The former, which any tenant with a problem debt can apply for, protects debtors for a period of up to 60 days. The mental health one, which is only available for people undergoing treatment for a mental health crisis, is more open-ended. It lasts for as long as the debtor is undergoing treatment (no matter how long that is) plus an additional 30 days.
Although the latter sounds particularly bad for landlords – they might not see their money for months in theory – mental health breathing spaces are reserved for tenants who have been hospitalised or are receiving treatment on an outpatient basis. It’s unlikely this would last for longer than 60 days in practice.
How does it start?
Any tenant can apply for breathing space if they’re unable to meet their debts. A specialist debt advice provider, who is authorised by the FCA to offer debt counselling, will then decide whether to award this breathing space – although, when it comes to mental health applications, an Approved Mental Health Professional (AMHP) will also need to confirm that the applicant is in treatment.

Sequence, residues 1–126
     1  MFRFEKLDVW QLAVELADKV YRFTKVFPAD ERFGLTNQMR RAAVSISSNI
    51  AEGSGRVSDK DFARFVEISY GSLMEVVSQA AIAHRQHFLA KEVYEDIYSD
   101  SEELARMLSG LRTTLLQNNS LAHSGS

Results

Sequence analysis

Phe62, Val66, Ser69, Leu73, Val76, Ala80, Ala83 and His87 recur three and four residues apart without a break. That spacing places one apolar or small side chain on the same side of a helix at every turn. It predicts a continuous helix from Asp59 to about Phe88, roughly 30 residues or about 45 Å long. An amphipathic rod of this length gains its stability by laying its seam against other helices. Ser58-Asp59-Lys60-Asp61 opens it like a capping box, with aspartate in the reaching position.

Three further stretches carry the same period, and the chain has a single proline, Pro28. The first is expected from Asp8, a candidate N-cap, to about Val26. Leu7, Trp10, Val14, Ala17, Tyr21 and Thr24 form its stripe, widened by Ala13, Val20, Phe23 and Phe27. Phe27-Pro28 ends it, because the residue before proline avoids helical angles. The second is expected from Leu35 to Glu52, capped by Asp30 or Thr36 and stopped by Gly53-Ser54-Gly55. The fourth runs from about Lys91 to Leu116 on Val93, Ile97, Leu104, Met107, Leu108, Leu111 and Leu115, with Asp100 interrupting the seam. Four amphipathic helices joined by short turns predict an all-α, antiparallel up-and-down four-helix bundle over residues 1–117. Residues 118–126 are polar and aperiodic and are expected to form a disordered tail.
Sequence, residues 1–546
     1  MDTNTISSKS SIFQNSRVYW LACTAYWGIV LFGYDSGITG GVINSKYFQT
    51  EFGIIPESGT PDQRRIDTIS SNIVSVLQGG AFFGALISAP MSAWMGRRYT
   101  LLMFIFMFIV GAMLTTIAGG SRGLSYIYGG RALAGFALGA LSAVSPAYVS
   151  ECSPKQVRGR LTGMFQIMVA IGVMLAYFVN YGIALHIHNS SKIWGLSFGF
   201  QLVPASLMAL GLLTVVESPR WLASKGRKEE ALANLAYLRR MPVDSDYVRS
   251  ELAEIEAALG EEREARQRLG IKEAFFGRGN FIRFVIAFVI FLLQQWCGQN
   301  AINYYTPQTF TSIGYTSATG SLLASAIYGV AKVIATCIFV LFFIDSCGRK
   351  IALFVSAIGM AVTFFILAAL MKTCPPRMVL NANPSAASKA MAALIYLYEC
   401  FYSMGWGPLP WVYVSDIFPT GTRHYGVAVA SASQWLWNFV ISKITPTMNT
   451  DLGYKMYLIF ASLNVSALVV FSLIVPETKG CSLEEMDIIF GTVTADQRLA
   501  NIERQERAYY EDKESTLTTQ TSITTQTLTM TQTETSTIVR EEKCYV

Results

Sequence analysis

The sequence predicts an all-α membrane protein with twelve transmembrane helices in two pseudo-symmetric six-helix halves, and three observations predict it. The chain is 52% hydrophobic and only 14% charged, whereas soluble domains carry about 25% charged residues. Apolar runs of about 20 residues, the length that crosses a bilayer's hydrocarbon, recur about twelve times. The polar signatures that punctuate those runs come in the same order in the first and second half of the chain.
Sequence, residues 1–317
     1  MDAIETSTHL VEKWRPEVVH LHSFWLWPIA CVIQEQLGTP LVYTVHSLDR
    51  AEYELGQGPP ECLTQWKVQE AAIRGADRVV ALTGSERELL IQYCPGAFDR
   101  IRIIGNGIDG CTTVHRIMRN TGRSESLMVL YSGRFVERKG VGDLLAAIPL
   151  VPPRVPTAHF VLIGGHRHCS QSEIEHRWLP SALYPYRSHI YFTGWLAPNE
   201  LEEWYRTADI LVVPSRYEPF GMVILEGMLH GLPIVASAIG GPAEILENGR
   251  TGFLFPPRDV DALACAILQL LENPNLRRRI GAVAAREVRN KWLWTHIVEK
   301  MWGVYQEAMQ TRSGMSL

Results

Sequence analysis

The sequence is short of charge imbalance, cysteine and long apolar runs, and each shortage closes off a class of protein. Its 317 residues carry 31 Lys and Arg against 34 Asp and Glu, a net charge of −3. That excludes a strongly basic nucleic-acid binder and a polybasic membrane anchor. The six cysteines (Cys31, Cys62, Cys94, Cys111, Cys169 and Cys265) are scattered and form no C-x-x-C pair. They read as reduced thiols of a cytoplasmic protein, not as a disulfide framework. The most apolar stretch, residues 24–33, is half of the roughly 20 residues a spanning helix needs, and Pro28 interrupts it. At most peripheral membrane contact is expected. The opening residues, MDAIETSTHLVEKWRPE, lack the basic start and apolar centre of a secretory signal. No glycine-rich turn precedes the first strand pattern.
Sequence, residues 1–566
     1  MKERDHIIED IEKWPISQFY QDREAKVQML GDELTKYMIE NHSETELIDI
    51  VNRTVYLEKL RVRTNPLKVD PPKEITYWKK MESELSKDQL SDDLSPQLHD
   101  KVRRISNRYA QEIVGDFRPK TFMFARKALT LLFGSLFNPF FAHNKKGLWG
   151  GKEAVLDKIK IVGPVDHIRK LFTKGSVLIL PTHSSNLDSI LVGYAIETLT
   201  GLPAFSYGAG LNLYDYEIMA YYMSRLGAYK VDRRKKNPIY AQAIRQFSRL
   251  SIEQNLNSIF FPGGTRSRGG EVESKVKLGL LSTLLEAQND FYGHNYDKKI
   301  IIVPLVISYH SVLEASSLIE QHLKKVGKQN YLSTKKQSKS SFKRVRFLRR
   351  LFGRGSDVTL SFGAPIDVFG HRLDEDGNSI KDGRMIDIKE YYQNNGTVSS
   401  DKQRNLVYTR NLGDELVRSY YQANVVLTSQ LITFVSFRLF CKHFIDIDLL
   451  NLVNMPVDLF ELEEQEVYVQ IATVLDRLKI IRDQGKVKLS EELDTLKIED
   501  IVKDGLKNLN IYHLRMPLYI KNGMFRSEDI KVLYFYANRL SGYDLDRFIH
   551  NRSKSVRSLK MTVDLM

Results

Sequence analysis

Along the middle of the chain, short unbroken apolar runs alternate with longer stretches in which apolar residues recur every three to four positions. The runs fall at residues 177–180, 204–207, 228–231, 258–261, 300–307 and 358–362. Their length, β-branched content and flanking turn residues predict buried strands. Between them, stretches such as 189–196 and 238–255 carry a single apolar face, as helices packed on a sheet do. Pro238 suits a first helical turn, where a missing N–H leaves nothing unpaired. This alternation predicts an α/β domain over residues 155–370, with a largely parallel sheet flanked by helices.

The decision to award debt relief will normally depend on whether the applicant has an income (and therefore might be able to do some budget juggling), or has assets that could be sold to cover the debt.
If there’s no realistic prospect of the tenant raising the money, the debt adviser will probably award relief. However, applications will be rejected if the tenant has already organised a debt relief order (DRO) or an individual voluntary arrangement (IVO).
What happens next?